SHS Web Conf.
Volume 37, 2017ERPA International Congresses on Education 2017 (ERPA 2017)
|Number of page(s)||7|
|Published online||14 August 2017|
Effects of in-water and dryland warm-ups on 50-meter freestyle performance in child swimmer
1 Faculty of Education, Department of Physical Education and Sports, Erzincan University, Turkey
2 School of Physical Education and Sports, Dumlupınar University, Turkey
3 School of Physical Education and Sports, Mustafa Kemal University, Turkey
4 Erzincan Municipality Sports Club, Erzincan, Turkey
a Corresponding author: firstname.lastname@example.org
In this study, effectiveness of 3 warm-up (WU) modes on 50m free style on child swimmers has been evaluated. In repeated-measures counterbalanced design, 10 male swimmers of a local sports club (10-12 ages) have tried out 50m freestyle after each WU on different days. Each WU took 15 minutes and the intensity of WU has been checked over by Borg’s rating of perceived exertion (RPE) 15-point scale. a) no warm-up (NWU): the swimmers sat or laid down for 15 minutes, b) dryland warmup (DWU): continuous rope-jumping at RPE 12 for 5 minutes, 2 sets 10x15s calisthenics with 15s breathing spaces and continuous ropejumping at RPE 14 for 5 minutes, c) in-water warm up (SWU): continuous freestyle swimming at RPE 12 for 5 minutes, freestyle swimming with 8x15m maximum performance with 30s breathing spaces and continuous freestyle swimming at RPE 14 for 5 minutes. RPE, stroke count and heart rate (HR) have been evaluated together with the best time in swimming performance. Compared with NWU swimming time post DWU was faster, however the fastest swimming time was achieved post SWU. After NWU swimming RPE was significantly higher. Significant difference could not be found in terms of HR and stroke count. Consequently, SWU is better for swimming performance and DWU can be used when swimming pool is not available.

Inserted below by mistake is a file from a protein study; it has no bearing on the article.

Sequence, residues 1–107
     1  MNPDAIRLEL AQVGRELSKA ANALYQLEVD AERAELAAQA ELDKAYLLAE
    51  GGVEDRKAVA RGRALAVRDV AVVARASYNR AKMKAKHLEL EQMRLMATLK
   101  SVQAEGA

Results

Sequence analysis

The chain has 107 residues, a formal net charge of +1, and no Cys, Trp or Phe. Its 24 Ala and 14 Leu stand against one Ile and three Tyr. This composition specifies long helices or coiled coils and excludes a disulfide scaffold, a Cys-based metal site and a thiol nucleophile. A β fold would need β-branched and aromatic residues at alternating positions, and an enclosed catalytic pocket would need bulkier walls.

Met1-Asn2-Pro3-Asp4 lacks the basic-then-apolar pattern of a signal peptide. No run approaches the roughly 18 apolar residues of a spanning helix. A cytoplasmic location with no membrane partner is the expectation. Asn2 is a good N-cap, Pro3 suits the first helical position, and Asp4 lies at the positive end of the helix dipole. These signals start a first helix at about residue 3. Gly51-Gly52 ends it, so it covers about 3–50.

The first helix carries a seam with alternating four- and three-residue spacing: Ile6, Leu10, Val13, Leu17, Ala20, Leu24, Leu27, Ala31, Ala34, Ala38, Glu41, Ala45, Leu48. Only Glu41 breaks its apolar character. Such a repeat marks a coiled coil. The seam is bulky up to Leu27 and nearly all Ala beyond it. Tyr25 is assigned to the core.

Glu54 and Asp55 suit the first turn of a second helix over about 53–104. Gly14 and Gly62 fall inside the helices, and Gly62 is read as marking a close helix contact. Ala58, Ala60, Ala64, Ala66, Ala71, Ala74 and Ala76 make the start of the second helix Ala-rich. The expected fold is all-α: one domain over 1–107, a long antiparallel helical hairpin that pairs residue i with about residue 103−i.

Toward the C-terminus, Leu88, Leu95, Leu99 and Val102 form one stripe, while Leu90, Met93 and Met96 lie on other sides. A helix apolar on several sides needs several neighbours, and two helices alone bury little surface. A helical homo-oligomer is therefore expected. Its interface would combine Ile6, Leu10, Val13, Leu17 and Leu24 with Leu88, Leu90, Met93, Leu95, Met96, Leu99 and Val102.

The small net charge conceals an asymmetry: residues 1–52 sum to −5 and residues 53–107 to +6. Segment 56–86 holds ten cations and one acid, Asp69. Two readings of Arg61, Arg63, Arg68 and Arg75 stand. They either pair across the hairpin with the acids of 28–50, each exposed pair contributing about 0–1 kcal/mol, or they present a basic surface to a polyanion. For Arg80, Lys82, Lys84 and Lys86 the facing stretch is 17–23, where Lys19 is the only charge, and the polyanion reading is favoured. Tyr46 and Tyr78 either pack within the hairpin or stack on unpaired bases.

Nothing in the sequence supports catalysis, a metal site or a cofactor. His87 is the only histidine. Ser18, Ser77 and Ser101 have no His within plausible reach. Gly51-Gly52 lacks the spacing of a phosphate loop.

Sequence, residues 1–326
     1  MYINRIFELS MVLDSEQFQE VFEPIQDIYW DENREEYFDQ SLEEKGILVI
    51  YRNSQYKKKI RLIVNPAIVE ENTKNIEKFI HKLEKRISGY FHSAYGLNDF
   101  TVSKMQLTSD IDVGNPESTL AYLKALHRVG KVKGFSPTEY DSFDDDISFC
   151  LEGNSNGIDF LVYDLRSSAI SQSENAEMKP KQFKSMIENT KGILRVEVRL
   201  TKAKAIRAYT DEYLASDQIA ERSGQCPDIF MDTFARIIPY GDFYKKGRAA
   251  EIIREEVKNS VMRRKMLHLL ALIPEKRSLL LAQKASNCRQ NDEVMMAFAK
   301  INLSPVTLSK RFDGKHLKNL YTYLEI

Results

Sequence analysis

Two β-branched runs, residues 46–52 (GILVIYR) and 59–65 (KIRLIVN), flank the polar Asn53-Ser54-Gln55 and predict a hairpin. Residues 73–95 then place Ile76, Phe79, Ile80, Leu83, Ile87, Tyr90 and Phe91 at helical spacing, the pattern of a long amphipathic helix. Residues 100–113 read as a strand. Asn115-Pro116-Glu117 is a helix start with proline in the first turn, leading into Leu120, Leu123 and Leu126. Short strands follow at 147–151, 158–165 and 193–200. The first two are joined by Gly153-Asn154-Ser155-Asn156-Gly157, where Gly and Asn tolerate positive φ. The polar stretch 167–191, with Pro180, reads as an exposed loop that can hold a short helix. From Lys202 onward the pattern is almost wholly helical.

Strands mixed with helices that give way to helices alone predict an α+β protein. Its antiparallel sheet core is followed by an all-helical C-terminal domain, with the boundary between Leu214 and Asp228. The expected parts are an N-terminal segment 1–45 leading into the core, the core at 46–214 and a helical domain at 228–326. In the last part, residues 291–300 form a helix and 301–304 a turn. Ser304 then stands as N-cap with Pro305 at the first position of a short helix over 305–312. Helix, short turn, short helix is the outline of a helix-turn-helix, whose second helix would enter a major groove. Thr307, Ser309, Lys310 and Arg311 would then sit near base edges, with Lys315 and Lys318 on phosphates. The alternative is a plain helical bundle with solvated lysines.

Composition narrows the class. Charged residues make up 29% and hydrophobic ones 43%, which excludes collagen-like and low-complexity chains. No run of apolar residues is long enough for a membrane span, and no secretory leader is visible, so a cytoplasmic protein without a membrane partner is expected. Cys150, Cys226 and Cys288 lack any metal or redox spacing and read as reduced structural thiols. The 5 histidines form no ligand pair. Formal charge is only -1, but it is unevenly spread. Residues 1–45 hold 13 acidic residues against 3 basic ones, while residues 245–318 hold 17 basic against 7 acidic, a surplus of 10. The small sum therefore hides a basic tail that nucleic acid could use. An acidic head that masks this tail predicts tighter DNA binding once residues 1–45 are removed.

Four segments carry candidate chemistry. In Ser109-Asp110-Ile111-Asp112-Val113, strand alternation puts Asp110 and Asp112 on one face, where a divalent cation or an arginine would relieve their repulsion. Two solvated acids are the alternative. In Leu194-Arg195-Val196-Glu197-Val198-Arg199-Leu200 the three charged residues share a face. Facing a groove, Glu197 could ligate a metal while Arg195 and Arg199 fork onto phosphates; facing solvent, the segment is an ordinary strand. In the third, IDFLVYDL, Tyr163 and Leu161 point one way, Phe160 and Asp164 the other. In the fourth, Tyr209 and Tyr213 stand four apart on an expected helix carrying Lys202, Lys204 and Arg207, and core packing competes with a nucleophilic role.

Key words: 50-m freestyle / warm-up / child swimmer
© The Authors, published by EDP Sciences, 2017
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